SADAA, NORTHERN YEMEN — Third-grader Farah Abbas al-Halimi didn’t get the UNICEF backpack or textbook she was hoping for this year. Instead, she was given an advanced U.S bomb delivered on an F-16 courtesy of the Saudi Air Force. That bomb fell on Farah’s school on September 24 and killed Farah, two of her sisters, and her father who was working at the school. It will undoubtedly have an irrevocable effect on the safety and psyche of schoolchildren across the region.
Over the course of Yemen’s pre-war history, which locals fondly refer to as the happy Yemen years, never has an entire generation been subjected to the level of disaster and suffering as that levied upon Farah’s generation by the Saudi-led Coalition, which has used high-tech weapons supplied by the United States and other Western powers to devastating effect since it began its military campaign against Yemen in 2015.
Last week a new school year in Yemen began, the fifth school year since the war started, and little has changed for Yemen’s schoolchildren aside from the fact that the Coalition’s weapons have become more precise and even more deadly, leaving the futures of the country’s more than one million schoolchildren in limbo.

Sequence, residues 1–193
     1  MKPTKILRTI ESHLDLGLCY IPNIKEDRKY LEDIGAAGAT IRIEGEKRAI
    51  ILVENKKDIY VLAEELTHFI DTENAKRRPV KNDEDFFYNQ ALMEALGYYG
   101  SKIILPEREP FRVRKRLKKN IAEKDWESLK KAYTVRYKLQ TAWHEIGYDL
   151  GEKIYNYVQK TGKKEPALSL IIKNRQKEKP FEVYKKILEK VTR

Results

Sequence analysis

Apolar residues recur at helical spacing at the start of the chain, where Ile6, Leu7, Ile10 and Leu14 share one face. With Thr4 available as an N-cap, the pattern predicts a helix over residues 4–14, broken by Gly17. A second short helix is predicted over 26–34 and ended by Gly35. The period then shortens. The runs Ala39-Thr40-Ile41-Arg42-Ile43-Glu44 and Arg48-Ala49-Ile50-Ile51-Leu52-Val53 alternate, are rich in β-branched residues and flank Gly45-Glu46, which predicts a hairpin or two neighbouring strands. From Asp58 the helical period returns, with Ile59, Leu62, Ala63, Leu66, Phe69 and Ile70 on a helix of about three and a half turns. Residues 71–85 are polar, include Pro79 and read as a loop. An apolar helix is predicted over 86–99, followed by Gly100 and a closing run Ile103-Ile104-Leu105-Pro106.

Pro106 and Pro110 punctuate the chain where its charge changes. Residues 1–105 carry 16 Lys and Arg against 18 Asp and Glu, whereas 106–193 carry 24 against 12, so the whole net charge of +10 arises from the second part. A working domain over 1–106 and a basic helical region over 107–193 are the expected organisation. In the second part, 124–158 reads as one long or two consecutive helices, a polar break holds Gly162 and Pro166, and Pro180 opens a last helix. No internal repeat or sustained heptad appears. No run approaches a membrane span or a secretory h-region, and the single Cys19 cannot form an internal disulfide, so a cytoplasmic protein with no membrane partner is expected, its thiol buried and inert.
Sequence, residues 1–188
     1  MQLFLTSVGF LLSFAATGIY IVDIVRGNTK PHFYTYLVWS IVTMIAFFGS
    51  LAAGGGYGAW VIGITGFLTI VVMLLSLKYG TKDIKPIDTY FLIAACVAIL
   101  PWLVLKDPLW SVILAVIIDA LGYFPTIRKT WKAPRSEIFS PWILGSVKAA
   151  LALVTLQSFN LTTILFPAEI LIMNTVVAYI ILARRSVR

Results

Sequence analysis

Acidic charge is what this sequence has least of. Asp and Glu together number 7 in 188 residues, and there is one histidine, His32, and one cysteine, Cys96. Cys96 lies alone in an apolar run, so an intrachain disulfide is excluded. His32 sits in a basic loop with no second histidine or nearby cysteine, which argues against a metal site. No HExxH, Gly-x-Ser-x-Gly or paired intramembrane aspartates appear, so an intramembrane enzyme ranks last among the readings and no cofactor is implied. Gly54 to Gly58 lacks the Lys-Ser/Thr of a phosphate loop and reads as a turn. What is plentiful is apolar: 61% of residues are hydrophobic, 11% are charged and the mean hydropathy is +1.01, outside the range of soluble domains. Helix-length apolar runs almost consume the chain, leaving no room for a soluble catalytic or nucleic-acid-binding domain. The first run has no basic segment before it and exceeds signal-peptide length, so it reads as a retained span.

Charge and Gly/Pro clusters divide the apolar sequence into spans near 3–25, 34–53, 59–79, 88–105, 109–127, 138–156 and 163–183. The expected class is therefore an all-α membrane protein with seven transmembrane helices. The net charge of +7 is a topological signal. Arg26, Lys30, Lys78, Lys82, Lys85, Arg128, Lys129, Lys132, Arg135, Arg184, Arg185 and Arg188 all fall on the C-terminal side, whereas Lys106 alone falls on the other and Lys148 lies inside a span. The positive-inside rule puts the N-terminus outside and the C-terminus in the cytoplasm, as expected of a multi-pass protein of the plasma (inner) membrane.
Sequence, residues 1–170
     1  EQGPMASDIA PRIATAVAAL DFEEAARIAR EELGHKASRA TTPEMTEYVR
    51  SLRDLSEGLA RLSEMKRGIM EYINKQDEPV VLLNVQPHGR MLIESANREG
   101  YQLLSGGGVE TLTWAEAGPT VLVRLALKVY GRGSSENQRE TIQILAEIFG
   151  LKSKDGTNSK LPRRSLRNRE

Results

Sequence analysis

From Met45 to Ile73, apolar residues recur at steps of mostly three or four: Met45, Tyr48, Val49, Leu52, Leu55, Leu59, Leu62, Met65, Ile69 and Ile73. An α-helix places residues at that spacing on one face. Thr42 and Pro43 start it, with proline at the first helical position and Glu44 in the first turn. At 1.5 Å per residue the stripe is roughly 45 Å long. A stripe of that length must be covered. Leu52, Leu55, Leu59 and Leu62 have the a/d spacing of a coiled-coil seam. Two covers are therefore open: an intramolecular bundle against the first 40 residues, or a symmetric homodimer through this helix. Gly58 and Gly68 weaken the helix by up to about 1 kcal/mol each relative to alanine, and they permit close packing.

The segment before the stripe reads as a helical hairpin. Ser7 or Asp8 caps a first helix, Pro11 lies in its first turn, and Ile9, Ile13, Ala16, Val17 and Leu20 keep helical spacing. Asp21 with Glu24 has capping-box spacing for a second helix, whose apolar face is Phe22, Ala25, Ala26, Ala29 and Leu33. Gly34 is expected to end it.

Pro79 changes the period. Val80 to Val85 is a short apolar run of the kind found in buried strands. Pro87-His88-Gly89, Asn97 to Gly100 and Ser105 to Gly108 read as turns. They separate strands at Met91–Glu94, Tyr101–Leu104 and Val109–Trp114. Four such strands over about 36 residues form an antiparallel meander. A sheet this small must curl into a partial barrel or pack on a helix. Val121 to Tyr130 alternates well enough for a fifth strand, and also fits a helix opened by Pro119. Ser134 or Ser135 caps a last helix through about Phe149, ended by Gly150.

The US empire will meet the same fate as every other empire throughout history. From John W. Whitehead at rutherford.org:
“Of all the enemies to public liberty war is, perhaps, the most to be dreaded because it comprises and develops the germ of every other. War is the parent of armies; from these proceed debts and taxes… known instruments for bringing the many under the domination of the few.… No nation could preserve its freedom in the midst of continual warfare.” — James Madison
Eventually, all military empires fall and fail by spreading themselves too thin and spending themselves to death.
It happened in Rome.
It’s happening again.
At the height of its power, even the mighty Roman Empire could not stare down a collapsing economy and a burgeoning military. Prolonged periods of war and false economic prosperity largely led to its demise. As historian Chalmers Johnson predicts:
The fate of previous democratic empires suggests that such a conflict is unsustainable and will be resolved in one of two ways. Rome attempted to keep its empire and lost its democracy. Britain chose to remain democratic and in the process let go its empire. Intentionally or not, the people of the United States already are well embarked upon the course of non-democratic empire.
The American Empire—with its endless wars waged by U.S. military servicepeople who have been reduced to little more than guns for hire: outsourced, stretched too thin, and deployed to far-flung places to police the globe—is approaching a breaking point.
Posted in Business, Civil Liberties, Collapse, Foreign Policy, Geopolitics, Government, History, Imperialism, Military, War
Tagged American empire, American interventionism, military-industrial complex
Daniel Adams is executive director of the Ron Paul Institute for Peace and Prosperity. The following is a wide ranging interview with Mohsen Abdelmoumen, from ahtribune.com: